Jordan High School students were seen clad in American flag garb while supporting their team, which was taking on Minneapolis Roosevelt High School. A coach who was in attendance took issue with the young fans holding the banner and took out his frustration in a Facebook post.
“I coach a predominantly black inner city high school team,” Michael Zeke Walker wrote in the post. “We go out to a rural area in Jordan, MN and this is there. Please explain how and why this is appropriate at a high school basketball game?”
Walker, who is black, included #blackandproud and #blackmenmatter hashtags in his post. He is also the director of the Minneapolis School District’s Office of Black Male Student Achievement, the Star Tribune reported.
Superintendent Matt Helgerson expressed “regret that Roosevelt players and their coaching staff, fans and community were made to feel uncomfortable, as it is always our intent to graciously host our opponents” in a statement released Wednesday. He added that the district was reviewing the matter.
The Roosevelt team stayed in the locker room for the national anthem and the Jordan team “was made aware of that practice before the game,” Minneapolis schools spokesman Dirk Tedmon said.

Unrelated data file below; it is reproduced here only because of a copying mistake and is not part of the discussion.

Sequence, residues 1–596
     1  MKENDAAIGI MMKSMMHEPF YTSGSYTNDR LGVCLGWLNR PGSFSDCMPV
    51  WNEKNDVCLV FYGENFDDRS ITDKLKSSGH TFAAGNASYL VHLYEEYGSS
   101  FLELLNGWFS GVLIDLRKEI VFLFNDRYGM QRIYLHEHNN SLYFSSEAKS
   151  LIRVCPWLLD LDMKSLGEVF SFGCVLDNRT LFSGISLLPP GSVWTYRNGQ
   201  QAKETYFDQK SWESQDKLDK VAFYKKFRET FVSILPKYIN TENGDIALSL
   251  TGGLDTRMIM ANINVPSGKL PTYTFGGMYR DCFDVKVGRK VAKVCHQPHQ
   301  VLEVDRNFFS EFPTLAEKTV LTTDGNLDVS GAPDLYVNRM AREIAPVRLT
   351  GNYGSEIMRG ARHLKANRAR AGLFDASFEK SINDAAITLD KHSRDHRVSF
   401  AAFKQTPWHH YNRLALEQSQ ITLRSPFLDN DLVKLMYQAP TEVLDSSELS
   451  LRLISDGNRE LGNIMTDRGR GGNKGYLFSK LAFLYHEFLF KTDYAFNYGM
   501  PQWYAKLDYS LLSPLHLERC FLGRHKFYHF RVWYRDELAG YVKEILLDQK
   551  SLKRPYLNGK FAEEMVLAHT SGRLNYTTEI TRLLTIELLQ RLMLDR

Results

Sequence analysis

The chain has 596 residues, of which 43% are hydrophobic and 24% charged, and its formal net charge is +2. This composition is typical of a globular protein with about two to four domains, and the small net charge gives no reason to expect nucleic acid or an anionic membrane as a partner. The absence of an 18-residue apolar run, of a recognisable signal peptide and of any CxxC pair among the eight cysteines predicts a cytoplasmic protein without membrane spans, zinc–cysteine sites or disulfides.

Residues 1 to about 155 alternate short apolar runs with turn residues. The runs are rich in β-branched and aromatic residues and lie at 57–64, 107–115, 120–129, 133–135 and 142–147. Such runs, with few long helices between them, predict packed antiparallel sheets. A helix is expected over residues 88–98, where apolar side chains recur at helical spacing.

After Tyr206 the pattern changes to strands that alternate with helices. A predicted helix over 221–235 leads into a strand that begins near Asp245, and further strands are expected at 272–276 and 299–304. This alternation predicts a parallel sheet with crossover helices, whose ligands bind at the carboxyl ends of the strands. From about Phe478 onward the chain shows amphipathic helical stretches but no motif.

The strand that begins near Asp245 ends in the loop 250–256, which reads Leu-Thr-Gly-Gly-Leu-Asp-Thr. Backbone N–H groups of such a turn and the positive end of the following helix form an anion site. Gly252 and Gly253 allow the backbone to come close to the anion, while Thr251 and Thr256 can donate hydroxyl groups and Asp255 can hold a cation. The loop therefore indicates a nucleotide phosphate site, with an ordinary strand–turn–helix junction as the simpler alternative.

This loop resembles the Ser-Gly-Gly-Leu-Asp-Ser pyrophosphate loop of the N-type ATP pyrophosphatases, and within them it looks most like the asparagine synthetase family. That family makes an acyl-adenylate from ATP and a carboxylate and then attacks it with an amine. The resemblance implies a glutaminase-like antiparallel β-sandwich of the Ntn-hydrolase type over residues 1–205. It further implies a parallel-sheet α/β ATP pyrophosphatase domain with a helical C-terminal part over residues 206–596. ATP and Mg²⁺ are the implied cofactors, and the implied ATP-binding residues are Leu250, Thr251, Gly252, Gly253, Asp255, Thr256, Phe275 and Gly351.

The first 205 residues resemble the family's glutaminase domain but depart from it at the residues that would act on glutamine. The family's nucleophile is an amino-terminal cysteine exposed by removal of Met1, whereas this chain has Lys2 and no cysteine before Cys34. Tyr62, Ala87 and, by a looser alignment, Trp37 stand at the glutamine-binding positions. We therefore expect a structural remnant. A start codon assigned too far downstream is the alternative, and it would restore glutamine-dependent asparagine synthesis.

He added that the district’s policy is “to not allow political advertising,” according to the Star Tribune.
In a statement released to Fox News, the Roosevelt team said they were "really surprised" by the attention the story received and "appreciate that Coach Walker started the discussion."
"The issue is what our President represents to many people of color, whether that’s what the Jordan fans knew or not. Looking back, we now wish we had the opportunity to talk to the Jordan players about what that banner represents to us here at Roosevelt," the statement read. "Then we could also tell them why we stay in the locker room during the National Anthem. The protest of the anthem and the lack of handshaking (we don’t do that in our conference) in pregame were not meant to be disrespectful. We get that that’s hard for some people to understand. The only way we can help each other understand is through a dialogue.
"This all comes down to people trying to see one another’s point of view—and we’re coming from a place that recognizes a history of oppression for people of color in the U.S," the statement continued. "As young people, it’s our job to bridge the divide and make the world a better place, a safer place, for every person, no matter their color or culture. We mean no harm toward Jordan or its fans, and we hope they will stand with us for change."